by Alan Ayckbourn.

Oldham Coliseum To 20 February 2010.
Tue-Sat 7.30pm Mat 6, 10, 20 Feb 2.30pm.
Audio-described10 Feb.
BSL Signed: 11 Feb.
Spotlight with Cast and Director: Wed 10 Feb @12.00pm – 1.30pm: £2.00.
TICKETS: 0161 624 2829.

then Harrogate Theatre 25 February-13 March.
Tue-Sat 7.30pm Mat 6, 13 March 2.30pm.
Audio-described 11 March.
BSL Signed 12 March.
Captioned 9 March.
TICKETS: 01423 502116

then Haymarket Theatre Basingstoke 16-20 March 2010.
Tue-Sat 7.30pm Mat Thu & Sat 2pm.
TICKETS: 01256 844244.
Runs 2hr 5min One interval.
Review: Stoon 30 January.

Has someone died?
Absent Friends dates from 1974. Ayckbourn acknowledged it was a different beast to his norm – stripped of the usual niceties and with death at its heart; it was penned to highlight the awkwardness felt when facing those who have suffered the loss of a dear one.

Well-intentioned hostess Di, wife to Paul, invites recently bereaved Colin to late-afternoon tea along with two other neighbouring couples – all mutual friends who lost touch when Colin moved away.

Initially it’s a girlie get-together, with Di joined by Evelyn & Marge. The talk’s textbook-copy for a Relate Counselling manual; more is learnt about their unhappy marriages in the absence of respective men – the husbands could sue for defamation, though with little chance of success once we’ve met them. Circling proceedings is the albatross of Colin’s arrival. Nobody knows what to say, and no one wants to say it.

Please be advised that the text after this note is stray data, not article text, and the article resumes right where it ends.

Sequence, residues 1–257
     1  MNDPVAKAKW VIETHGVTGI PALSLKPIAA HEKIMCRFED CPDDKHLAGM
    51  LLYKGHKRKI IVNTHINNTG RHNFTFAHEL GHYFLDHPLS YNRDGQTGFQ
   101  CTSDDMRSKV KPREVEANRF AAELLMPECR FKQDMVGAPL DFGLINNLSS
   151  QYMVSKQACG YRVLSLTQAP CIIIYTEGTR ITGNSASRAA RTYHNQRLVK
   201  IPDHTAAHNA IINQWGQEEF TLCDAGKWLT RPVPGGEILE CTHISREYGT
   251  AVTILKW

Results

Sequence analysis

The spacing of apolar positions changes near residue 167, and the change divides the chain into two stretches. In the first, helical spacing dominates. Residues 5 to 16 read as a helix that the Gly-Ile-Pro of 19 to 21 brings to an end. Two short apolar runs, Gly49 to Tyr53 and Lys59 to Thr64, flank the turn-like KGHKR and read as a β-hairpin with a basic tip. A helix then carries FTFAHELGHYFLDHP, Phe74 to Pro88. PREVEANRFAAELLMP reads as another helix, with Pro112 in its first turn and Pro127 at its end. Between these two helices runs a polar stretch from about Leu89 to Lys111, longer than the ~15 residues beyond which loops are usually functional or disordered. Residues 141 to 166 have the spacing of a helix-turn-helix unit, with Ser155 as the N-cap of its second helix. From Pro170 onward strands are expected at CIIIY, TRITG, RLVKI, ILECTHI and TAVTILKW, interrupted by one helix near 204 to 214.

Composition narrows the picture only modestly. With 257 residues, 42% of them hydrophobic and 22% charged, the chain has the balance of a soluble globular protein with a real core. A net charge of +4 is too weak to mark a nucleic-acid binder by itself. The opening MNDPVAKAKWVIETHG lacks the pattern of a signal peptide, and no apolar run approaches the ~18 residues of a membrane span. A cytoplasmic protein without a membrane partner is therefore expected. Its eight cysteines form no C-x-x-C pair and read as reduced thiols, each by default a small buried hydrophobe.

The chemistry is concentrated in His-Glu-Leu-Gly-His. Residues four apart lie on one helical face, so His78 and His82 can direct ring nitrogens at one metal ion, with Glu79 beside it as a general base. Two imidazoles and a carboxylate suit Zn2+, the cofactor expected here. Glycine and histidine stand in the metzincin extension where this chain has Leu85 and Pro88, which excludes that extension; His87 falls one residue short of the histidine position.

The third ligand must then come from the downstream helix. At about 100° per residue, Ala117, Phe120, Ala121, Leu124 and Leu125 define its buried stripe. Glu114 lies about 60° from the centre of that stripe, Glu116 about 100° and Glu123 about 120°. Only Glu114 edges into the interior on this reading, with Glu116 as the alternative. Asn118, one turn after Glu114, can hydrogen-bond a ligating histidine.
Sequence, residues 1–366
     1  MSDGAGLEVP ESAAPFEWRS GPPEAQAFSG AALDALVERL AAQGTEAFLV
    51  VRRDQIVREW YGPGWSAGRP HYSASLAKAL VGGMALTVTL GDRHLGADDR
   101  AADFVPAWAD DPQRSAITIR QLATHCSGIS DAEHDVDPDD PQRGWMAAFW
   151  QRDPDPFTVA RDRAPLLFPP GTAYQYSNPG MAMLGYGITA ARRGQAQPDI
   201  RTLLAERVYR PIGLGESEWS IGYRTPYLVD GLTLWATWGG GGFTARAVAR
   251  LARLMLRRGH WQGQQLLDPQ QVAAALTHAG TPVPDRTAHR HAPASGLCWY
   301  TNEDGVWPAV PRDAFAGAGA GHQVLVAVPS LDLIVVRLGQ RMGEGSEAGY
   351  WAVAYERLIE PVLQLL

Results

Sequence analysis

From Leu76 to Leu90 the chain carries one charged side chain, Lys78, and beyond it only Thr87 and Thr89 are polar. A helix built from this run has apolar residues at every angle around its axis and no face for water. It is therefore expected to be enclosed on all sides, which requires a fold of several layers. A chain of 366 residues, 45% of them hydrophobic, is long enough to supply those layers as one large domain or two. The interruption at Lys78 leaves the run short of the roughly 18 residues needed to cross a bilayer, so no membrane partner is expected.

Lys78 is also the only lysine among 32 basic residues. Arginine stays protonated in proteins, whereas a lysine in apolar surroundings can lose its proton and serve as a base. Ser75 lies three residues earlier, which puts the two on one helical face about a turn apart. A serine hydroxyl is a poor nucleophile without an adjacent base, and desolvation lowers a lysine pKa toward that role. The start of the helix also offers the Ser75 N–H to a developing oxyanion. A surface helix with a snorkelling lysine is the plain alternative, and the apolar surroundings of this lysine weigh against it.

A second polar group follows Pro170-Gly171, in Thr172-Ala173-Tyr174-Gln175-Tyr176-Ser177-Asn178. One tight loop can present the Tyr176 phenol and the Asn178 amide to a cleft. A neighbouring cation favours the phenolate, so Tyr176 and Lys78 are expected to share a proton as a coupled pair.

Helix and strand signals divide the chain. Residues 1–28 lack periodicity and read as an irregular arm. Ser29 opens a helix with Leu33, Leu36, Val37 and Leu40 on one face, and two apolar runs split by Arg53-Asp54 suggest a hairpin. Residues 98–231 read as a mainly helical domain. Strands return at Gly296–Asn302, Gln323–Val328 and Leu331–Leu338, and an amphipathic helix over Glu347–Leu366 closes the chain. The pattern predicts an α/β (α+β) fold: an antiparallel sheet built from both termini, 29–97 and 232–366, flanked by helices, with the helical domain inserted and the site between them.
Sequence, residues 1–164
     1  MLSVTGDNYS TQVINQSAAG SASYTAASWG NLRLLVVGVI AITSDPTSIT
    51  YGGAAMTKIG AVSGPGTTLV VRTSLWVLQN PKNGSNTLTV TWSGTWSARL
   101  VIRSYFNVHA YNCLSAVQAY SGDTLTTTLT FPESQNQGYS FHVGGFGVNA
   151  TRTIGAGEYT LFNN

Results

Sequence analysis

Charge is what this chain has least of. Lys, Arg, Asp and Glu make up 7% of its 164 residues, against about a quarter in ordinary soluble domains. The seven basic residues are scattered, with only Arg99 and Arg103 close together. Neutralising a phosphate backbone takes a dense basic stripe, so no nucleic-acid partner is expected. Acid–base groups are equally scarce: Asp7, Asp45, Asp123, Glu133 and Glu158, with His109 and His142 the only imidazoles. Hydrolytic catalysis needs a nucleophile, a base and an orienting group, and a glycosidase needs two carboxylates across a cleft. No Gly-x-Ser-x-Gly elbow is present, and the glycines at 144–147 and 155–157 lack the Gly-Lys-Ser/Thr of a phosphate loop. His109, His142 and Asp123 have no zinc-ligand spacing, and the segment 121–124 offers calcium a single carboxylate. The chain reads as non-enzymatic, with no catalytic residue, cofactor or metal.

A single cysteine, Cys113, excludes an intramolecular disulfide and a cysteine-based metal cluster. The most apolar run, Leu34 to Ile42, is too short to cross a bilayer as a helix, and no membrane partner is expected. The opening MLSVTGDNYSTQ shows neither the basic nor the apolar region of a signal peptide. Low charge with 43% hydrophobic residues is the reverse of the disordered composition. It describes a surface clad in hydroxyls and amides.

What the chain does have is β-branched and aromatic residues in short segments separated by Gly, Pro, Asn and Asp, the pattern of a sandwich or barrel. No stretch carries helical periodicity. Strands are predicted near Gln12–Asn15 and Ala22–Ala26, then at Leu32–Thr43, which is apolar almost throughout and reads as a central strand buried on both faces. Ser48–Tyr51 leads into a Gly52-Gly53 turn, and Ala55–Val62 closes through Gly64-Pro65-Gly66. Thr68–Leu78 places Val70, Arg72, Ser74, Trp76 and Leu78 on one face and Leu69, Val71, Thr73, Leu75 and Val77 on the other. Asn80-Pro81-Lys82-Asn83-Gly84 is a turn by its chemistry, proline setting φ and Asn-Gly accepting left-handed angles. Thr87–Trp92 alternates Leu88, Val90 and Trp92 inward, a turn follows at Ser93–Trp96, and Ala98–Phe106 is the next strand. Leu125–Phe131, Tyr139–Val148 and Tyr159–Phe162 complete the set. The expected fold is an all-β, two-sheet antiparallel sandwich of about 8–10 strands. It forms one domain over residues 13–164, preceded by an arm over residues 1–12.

Characters are painted with a vibrant palette, which, given their quirks results in occasional colour bleed. Kerry Peers’ Di acceptably fluctuates between nervous and neurotic and Dominic Gately as fidgety John gives a master class in how not to keep still – both warrant a sympathetic nod. Not so the younger Garboesque Poppy whose one word replies become tiresome, and short-fused Paul, who’s prime anger-management material. Samantha Giles gives Marge the demeanour of an angel, but her slavish devotion to her absent bed-ridden husband goes beyond the call of duty.

It’s left to David Crellin as the wonderfully ’70s-attired Colin to illustrate Ayckbourn’s fundamental point that those directly affected by death often cope better than sympathisers. His warmth and calmness give the piece what heart it has.

Colin Richmond’s open-plan ground floor set is authentic and ideal, allowing events to unfold predominantly in the lounge with suitable kitchen, upstairs and garden bolt-holes provided.

The occasionally overdone sitcom style may be a response to compensate for death not being so unmentionable in these Facebook Tribute-page days but the net effect is to present unhappy flawed characters incapable of change. The absence of their possible salvation taints the piece – we’re left unfilled, despite a largely enjoyable evening.

Diana: Kerry Peers.
Marge: Samantha Giles.
Evelyn: Poppy Tierney.
Colin: David Crellin.
Paul: Steve Pinder.
John: Dominic Gately.

Director: Nikolai Foster.
Designer: Colin Richmond.
Lighting: Thomas Weir.
Sound: Lorna Munden.
Composer: David Shrubsole.

2010-02-04 14:45:10

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